Premigratory HyperphagiaBirds prepare for migration by increasing their fat reserves, known as premigratory hyperphagia. This substantially increases their body weight. Short range migrants increase their body weight by 13-35%. Long range migrants add 30-50% to their body weight. Hummingbirds and some Warblers completely double their body weight in preparation. Bird losses during migration are substantial. Up to 50% of most North American land birds and 60% of waterfowl never return. Migration is a critical element that rehabilitators must consider when preparing migratory birds for release, especially releases that occur late in the season.

Vitamins/MineralsVitamin and mineral requirements also vary by species. Plumage due to carotenoids (canthaxanthin) in diet are responsible for the red coloration in House Finches and Cardinals, (astaxanthin) for Cedar Waxwings, (lutein) for chickens4. Juvenile male finches lacking coloration may be Carotenoid/Vitamin A deficient. Juvenile Mockingbirds with lameness or fractures are suspected of being Vitamin D3 deficient. Many birds that are raised on a diet deficient in Pantothenic Acid/Biotin failed to grow contour feathers on their chest and back. Passing undigested food may be linked to a Vitamin E deficiency; depigmented feathers - Vitamin B2 deficient; poor feathering - Niacin deficient; and unpigmented wing and tail feathers - Choline deficient.7 See the complete listing of Vitamin/Mineral Deficiencies and Vitamin/Mineral Sources

Amino AcidsIf the wrong type of protein is provided, then a bird may be unable to digest and absorb the essential amino acids (amino acids that are considered a dietary requirement because they are not produced by the body) . If the wrong type of diet is provided, then a bird may be unable to manufacture non-essential amino acids (those normally produced by the body). If the amino acid levels are not balanced, they can negatively affect absorption or synthesis of other amino acids. It is important to carefully balance amino acids levels, because a high dietary level of a single amino acid is more debilitating than high levels of protein. 1 Birds primarily synthesize amino acids from the L-isomer. These L-isomer amino acids are completely utilized (i.e. bioavailibility of L-Arginine is 100%, but is 0% for D-Arginine 1 ). "Although high in protein (40-75%), more importantly, the amino acid balance of insects relative to the requirements of birds probably approaches 100% digestibility." 1 The proportion of amino acids carried in the blood cells of fowls was about 80%, a value that is much higher than that found in mammals. The mean ratio of combined total amino acid concentrations between plasma and cells was about 8-fold, again much higher than the corresponding figures in mammals.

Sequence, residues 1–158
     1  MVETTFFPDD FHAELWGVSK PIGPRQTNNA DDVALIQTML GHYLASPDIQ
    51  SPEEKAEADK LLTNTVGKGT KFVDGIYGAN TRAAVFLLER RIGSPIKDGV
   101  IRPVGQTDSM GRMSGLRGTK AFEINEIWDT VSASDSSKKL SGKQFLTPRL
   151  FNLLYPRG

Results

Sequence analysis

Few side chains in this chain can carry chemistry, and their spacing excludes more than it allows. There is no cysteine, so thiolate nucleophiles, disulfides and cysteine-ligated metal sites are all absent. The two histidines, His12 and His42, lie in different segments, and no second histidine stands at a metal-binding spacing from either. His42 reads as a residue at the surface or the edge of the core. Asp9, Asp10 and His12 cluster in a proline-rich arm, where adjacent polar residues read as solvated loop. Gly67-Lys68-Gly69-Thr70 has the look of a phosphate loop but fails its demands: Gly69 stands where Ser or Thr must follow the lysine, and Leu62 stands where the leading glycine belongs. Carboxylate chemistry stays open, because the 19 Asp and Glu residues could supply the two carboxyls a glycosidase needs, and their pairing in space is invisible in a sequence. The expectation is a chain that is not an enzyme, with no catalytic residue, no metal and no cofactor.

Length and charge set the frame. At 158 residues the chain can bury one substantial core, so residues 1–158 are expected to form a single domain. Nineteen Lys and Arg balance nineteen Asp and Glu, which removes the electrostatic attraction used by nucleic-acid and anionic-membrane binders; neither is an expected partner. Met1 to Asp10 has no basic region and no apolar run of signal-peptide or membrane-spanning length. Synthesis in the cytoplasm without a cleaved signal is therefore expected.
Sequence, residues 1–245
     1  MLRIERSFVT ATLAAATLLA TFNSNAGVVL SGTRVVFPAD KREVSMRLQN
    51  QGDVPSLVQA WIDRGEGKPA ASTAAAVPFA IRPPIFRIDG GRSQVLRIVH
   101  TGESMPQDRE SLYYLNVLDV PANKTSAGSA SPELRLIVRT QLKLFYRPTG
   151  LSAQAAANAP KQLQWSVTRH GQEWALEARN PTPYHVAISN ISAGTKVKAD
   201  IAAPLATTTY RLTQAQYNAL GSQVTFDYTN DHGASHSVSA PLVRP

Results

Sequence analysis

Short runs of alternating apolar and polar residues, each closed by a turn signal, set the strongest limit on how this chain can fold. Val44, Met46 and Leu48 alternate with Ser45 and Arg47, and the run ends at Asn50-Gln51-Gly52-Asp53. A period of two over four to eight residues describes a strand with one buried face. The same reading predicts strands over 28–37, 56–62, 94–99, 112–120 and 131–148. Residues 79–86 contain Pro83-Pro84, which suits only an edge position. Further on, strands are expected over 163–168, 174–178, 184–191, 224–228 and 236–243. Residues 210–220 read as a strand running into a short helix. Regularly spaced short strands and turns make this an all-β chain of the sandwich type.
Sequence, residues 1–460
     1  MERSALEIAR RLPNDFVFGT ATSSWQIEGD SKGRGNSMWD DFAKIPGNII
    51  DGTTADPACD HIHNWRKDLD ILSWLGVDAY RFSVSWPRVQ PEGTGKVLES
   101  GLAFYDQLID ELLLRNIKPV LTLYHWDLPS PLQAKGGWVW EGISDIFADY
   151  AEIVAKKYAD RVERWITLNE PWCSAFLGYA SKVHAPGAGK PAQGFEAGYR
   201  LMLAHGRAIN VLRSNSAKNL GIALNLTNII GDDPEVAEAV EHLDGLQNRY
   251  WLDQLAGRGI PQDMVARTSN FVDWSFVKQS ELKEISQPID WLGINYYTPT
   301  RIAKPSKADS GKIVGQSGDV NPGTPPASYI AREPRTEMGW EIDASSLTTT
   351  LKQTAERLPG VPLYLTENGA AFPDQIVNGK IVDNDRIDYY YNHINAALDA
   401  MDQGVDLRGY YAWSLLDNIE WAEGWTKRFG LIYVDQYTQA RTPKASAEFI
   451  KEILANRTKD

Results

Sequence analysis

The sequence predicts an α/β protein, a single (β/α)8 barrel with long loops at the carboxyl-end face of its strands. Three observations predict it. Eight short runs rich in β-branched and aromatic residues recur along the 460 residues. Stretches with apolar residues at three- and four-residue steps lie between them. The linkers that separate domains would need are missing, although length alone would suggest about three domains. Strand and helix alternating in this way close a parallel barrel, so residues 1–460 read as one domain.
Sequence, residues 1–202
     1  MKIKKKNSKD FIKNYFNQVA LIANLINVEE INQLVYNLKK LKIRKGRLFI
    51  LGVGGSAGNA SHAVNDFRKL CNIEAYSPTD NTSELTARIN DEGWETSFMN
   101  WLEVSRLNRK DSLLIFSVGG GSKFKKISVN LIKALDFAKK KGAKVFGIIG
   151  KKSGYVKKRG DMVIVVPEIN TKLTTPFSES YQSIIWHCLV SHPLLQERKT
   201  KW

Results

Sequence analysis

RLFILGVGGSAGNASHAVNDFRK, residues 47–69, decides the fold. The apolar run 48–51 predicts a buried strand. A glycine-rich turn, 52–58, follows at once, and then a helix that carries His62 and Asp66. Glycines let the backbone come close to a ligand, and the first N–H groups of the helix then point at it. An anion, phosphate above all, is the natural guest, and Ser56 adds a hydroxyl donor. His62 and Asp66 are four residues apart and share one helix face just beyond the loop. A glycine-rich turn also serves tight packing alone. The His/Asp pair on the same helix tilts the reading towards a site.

SummaryWe do know that the majority of songbird mortalities in the wild occur during the first year of life. Compound that with an inappropriate diet, and chances of long-term survival are even more dramatically reduced. But unfortunately we can't see the consequences of the diet we select. We can keep it alive and it appears to do well upon release. But was its stamina comparable to its wild counterparts. Was it just as alert and energetic, and physically capable of out-maneuvering it's predators? Until more research is conducted on the nutritional needs of each species of wild bird, the only solution is to put as much effort into preparing wild avian diets as we do mammal diets.

1 Comparative Avian Nutrition/Kirk C. Klasing; 1998
2C. Klasing, Comparative Avian Nutrition, pp. 282-284
5 THE CYANOGENIC GLYCOSIDE AMYGDALIN DOES NOT DETER CONSUMPTION OF RIPE FRUIT BY CEDAR WAXWINGS. Heather M. Struempf, Jorge E. Schondube, and Carlos Martinez del Rio; http://pica.wru.umt.edu/Auk/ABS1163.HTML#struempf.art
6 SEASONAL FRUIT PREFERENCES FOR LIPIDS AND SUGARS BY AMERICAN ROBINS. Christopher A. Lepczyk, K. Greg Murray, Kathy Winnett-Murray, Paul Bartell, Eric Geyer, and Timothey Work; http://pica.wru.umt.edu/Auk/ABS1173.HTML#lepczyk.art
7 http://www.parrotsociety.org.au/articles/art_021.htm;by Dr Adrian Gallagher
http://www.pubnix.net/~mhagen/docu/nut_trends_phy.html; Mark Hagen, M.Ag. Director of Research, Rolf C. Hagen, Inc
10 http://biodidac.bio.uottawa.ca/Thumbnails/19-87-GIF.htm
Garcia FJ, Pons A, Alemany M, Palou A. (1986) Sex differences in blood amino acid concentration and cell/plasma distribution in the domestic fowl. Br Poult Sci 1986 Sep;27(3):379-84